CHINCOTEAGUE, Va. (AP) – A museum on Virginia’s Eastern Shore is preparing to auction of its inventory of nautical items and waterfowl decoys.
The Refuge Waterfowl Museum in Chincoteague is holding a set of auctions in May and September from its collection after the museum owner’s death.
The local auction firm is billing it as the “largest and most prestigious decoy and nautical auction ever to happen east of the Mississippi.”
“We have been in the decoy business as it relates to auctions for 10 years and never, ever have we been associated with anything this large or this significant,” said auctioneer Zeb B. Barfield. “We believe the collection might sell in the half-million-dollar range, but we could easily go up to $700,000.”
Carvings by famed Eastern Shore carvers are among the 3,500 decoys being sold at the auctions on May 10-11 and again in September.
Businessman and hunter John Maddox started collecting after World War II and spent most of his adult life in pursuit of wooden wildfowl art. He died in December 2011.
Hundreds of the geese and ducks displayed began life as working decoys, yet became coveted examples of the decoy carver’s art. Row after row, shelf after shelf, each decoy came to the museum with a story, a history that enhanced its value for the collector deep in John Maddox’s soul.
His son Richard Maddox told The Daily Times that the family decided to close the museum and sell its collection because it wasn’t a money-making venture.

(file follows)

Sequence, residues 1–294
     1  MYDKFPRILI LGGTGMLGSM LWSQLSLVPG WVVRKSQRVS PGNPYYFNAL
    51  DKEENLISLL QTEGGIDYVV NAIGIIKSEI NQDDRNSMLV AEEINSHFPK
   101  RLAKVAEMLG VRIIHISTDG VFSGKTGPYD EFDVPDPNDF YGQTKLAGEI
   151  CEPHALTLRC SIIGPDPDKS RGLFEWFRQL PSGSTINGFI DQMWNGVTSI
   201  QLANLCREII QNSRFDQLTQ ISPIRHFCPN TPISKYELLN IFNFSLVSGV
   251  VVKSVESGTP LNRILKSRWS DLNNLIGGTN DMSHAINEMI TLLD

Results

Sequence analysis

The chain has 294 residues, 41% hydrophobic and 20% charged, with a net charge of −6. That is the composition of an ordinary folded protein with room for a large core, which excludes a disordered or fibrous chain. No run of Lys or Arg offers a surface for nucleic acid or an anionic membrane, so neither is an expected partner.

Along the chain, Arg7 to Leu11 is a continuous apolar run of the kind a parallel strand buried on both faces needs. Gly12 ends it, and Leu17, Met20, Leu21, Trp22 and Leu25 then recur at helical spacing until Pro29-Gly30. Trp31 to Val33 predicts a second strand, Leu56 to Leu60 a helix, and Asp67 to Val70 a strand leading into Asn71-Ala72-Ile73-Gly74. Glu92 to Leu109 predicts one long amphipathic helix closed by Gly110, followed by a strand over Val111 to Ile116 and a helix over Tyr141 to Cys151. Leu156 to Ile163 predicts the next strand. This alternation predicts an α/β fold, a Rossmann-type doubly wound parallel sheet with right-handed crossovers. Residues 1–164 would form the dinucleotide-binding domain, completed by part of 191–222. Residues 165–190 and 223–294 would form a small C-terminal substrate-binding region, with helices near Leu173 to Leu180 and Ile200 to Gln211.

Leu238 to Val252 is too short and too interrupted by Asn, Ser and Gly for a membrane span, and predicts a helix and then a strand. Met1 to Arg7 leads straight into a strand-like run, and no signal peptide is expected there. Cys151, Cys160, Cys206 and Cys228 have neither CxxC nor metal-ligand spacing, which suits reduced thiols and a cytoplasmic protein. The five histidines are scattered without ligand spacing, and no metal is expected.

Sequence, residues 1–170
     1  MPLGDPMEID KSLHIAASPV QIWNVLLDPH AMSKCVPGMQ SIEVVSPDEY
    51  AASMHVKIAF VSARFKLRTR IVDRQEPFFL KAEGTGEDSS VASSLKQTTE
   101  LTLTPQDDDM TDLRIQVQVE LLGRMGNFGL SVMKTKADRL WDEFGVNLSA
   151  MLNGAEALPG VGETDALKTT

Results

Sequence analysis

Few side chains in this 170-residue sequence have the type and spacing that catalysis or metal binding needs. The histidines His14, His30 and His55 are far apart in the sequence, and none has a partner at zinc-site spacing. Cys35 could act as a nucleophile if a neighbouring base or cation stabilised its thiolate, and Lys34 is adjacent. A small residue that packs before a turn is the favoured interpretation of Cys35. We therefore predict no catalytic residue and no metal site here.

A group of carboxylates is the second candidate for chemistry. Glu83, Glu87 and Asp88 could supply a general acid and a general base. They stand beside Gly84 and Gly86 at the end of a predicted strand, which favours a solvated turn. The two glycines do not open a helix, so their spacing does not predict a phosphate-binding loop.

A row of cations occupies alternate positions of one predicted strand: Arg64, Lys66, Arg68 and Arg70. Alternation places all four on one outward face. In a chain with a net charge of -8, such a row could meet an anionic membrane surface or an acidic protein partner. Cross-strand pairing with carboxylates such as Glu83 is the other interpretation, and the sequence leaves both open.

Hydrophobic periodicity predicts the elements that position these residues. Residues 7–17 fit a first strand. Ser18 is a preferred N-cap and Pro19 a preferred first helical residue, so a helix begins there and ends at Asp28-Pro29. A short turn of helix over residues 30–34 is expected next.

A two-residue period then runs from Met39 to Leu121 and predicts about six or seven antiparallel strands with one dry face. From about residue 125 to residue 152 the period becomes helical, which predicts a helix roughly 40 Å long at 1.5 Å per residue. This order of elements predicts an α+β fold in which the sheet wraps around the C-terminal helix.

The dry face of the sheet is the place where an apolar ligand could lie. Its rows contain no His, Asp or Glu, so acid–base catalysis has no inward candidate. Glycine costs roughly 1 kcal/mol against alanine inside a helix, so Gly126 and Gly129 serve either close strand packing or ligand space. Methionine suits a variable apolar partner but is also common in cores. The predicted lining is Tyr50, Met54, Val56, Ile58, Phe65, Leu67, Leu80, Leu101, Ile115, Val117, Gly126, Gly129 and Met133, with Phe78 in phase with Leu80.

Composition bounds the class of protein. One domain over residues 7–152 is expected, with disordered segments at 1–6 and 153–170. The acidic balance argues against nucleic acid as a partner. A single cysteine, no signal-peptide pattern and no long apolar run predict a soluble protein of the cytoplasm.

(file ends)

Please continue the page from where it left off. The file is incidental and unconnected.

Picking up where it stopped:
“This was something he was passionate about, eaten up with. It became a lifelong avocation for him,” said Richard Maddox, who is handling the sale on behalf of the family.
Richard Maddox said the family looked at several ways of disposing of the collection by donating it, even talking to the Smithsonian Institution. In the end, the family decided to keep a number of items and auction off the rest.
As decoys were cataloged and inventoried for the auction, Delbert “Cigar” Daisey, 89, asked if he could walk through the museum.
For almost 30 years, the 89-year-old Daisey was the resident carver, educating the beach crowd and the tourists on the particulars of his art as they toured this one-of-a kind museum.
Never had he been in the midst of such a large private collection, and he said he knew he’d never see the likes of its kind again.
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